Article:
Tertiary education, skills and productivity

Publication Details

This report updates and extends an article that was first published in Profile and Trends 2007 (Ministry of Education, 2008). It provides an overview of the information and literature relating to the link between tertiary education, skills and productivity in New Zealand.

Author(s): David Earle, Tertiary Sector Performance Analysis and Reporting Division, Ministry of Education.

Date Published: February 2010

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This report is available as a download (please refer to the 'Downloads' inset box).  To view the individual chapters please refer to the 'Sections' inset box.  For links to related publications/ information that may be of interest please refer to the 'Where to Find Out More' inset box.

Section 1: Key Findings

While economic growth was strong from 2002 to 2006, labour productivity growth was weak. New Zealand has had low labour productivity growth compared with our international competitors and in relation to our level of tertiary education.

The proportion of New Zealanders in employment with a bachelors degree or higher doubled from 1992 to 2008. There has also been higher demand for unskilled workers as the economy grew from 2002 to 2006. The average English-based literacy skills of those in employment have not increased, in part due to increased reliance on migration from non-English-speaking countries.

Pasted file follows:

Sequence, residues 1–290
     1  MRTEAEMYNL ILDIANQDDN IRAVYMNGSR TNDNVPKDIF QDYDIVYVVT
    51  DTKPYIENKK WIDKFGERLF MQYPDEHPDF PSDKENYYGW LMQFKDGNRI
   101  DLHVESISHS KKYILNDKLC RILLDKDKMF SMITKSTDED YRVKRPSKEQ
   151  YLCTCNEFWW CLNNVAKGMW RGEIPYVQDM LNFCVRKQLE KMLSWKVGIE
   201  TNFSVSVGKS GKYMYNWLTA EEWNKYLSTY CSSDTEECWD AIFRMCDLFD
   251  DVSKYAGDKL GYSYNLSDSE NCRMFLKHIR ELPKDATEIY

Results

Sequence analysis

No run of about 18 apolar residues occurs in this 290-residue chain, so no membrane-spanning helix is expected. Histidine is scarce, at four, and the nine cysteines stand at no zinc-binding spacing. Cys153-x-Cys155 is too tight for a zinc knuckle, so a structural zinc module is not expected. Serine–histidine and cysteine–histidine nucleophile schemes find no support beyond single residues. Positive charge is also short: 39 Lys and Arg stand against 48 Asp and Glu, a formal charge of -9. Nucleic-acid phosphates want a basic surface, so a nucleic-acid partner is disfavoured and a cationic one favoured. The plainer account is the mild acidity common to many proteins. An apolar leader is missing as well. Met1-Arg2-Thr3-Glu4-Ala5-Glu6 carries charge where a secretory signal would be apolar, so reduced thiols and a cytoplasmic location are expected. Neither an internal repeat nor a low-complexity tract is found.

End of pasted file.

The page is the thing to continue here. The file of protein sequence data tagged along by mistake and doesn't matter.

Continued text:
There is evidence that increases in tertiary education have contributed to productivity growth. However, the effect has been dampened by the expansion of the workforce to include more low-skilled workers and greater reliance on migration to fill skill gaps. Firm turnover may also have had some effect on dampening productivity. New Zealand's small size and relative economic isolation also have a significant effect on limiting growth in labour productivity.

Increased skills derived through tertiary education do contribute to increased productivity. How these skills are used and combined with capital, technology and knowledge investments is also important. Raising capital, multifactor and labour productivity need to be addressed together, along with improving industry investment in R&D. An emphasis on building economies of scale and reducing the cost of getting goods and services to market is also essential.